NexT v7 Introduced

From this year we will start to development NexT v7. And NexT v6 will not be cutted-out for now. Instead of this, we will continue maintenance for version 6 with simultaneous development of version 7.

Versions Difference

What changes planned in that versions? Good question, here they are:

  • Development (v7) mean → all bugfixes, optimizations and features will be added in this version.
  • Maintenance (v6) mean → all bugfixes and optimizations (partially) only will be added in this version.

As we can see, v6 will be more stable version, unlike of v7. If someone want more stability with less features, recommended to use v6 without any fear about no maintenance for this version in the future.

Objectives of Version 7

There are several globally targets for NexT v7 changes planned:

  • Replace all Nested Strings by Template Literals. This bring to code more readable (example: #557)
  • Cut out all possible 3rd-party libraries for provide minimum weight and maximum generation speed
  • Targets, described in NexT v7.x Roadmap.

Branching Models

All last year there are no problem with branching model management. All was simple:

  1. We had master branch, which at the same time was development and production branch.
  2. Changes created in separate temporarily branches were merged into master branch via pull request's.
  3. Once per month we made tag releases from current master branch.

It was when NexT development came with single version. For now, we must support multiple versions: v6.x and v7.x, what bring some complicated as for maintainers and for users too.

Last several days I thinking a lot about this and it seems the right way was successfully founded. And before understand my decision, let's see on all articles I finded.

  1. A successful Git branching model
  2. Cactus model
  3. OneFlow model
  4. A stable mainline branching model

So, lets comment this models:

  1. A little bit complicated for development. master branch keep only releases versions, but we already have tags once per month. And I read some negative responses about this branching model.
  2. Only one thing let me get to doubt: rebased branches. Yes, on local branches anyone can do what he's want, but we talking about remote branches, how we will working with them. This model is good, but need some changes to use it.
  3. Again: rebase + merge --no--ff – only with a little difference with allow to minimize merged commits history. Anyway, history will not linear.
  4. So, this is similar to our model, with except – releases created not only under the tags, but under branches too. As I understand, branches serve for temporary maintenance multiple software versions. And this model exactly what we need! With some changes, of course...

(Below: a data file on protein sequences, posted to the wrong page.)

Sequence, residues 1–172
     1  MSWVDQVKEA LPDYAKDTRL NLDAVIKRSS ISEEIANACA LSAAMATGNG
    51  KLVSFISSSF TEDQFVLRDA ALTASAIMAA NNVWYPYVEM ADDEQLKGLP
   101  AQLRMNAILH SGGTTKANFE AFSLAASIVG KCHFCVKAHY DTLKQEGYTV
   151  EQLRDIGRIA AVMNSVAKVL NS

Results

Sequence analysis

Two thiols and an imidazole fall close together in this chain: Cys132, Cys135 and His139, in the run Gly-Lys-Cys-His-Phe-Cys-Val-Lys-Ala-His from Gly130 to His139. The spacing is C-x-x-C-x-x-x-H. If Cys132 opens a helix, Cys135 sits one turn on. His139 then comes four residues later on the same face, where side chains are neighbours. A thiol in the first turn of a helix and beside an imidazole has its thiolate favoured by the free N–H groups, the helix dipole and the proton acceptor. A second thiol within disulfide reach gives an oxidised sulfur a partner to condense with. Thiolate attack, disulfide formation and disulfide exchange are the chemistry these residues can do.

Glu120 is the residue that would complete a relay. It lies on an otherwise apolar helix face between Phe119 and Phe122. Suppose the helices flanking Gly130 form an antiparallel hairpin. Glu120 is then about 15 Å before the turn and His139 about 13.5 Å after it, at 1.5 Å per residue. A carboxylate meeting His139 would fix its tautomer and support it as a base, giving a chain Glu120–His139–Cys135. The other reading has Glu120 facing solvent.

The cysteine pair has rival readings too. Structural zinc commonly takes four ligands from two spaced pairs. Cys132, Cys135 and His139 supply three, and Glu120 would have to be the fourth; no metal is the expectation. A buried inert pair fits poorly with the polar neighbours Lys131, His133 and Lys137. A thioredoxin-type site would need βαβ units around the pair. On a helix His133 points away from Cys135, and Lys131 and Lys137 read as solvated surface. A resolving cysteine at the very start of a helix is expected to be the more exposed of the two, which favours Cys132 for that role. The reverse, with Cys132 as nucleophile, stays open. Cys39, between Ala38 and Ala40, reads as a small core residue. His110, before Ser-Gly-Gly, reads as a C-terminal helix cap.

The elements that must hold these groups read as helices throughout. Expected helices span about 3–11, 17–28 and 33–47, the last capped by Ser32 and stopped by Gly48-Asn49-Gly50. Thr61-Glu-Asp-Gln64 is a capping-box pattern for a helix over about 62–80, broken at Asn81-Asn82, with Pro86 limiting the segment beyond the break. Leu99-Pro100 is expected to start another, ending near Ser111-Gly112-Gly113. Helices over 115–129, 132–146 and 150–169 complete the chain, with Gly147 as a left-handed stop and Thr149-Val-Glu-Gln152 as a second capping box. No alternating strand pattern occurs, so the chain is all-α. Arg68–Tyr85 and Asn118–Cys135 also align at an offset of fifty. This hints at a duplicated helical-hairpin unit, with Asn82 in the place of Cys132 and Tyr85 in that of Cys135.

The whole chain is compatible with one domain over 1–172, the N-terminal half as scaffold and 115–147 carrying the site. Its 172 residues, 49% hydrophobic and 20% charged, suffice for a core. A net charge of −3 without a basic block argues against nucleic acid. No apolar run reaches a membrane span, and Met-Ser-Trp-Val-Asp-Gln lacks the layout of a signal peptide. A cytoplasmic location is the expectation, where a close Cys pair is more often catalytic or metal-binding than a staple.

NexT Branching Model

As described above, most liked branching model is 4. But need to make some changes in this model to be sure with NexT compatibility. Let's write in order:

  1. We have master branch, which at the same time is development and production branch (as was before).
  2. We turn off merge and rebase buttons to provide to all pulls be squashed. This will allow to get single commits from any features / bugfixes or optimizations.
  3. We have separated v6.x branch and copy only bugfixes and some optimizations there via cherry-pick single commits, which previously we provide.
  4. Once per month we will make tag releases from current master branch (it will be NexT v7) and from v6.x branch (it will be NexT v6).


Only one question here: do we need to have separated v7.x branch to advantage at most cases stable releases?

Don't push «Update branch» button

To provide linear history, there is no need to update branch from master!


When we push this button, it's mean we will merge master branch into current feature or bugfix branch. As a result, history will not linear. So, no need to push this button.

Some more about Git

Merge ≠ Rebase. Why?

By default, GitHub merge pulls (Merge button) with -no-ff option. What's different with merge and merge -no-ff?
As we see, it's like rebase, but with a little different. What's different?
With rebase – rebased branch will be at the head from parent branch. It's like snake-game, but with separated sections.
With merge – we get same at the result, but both branches will be in the head.


In simple words: you can copy any commit from any branch and paste this commit to the head of any another branch. In this picture commit F (feature-1) from feature branch was copied into G in master branch with this feature.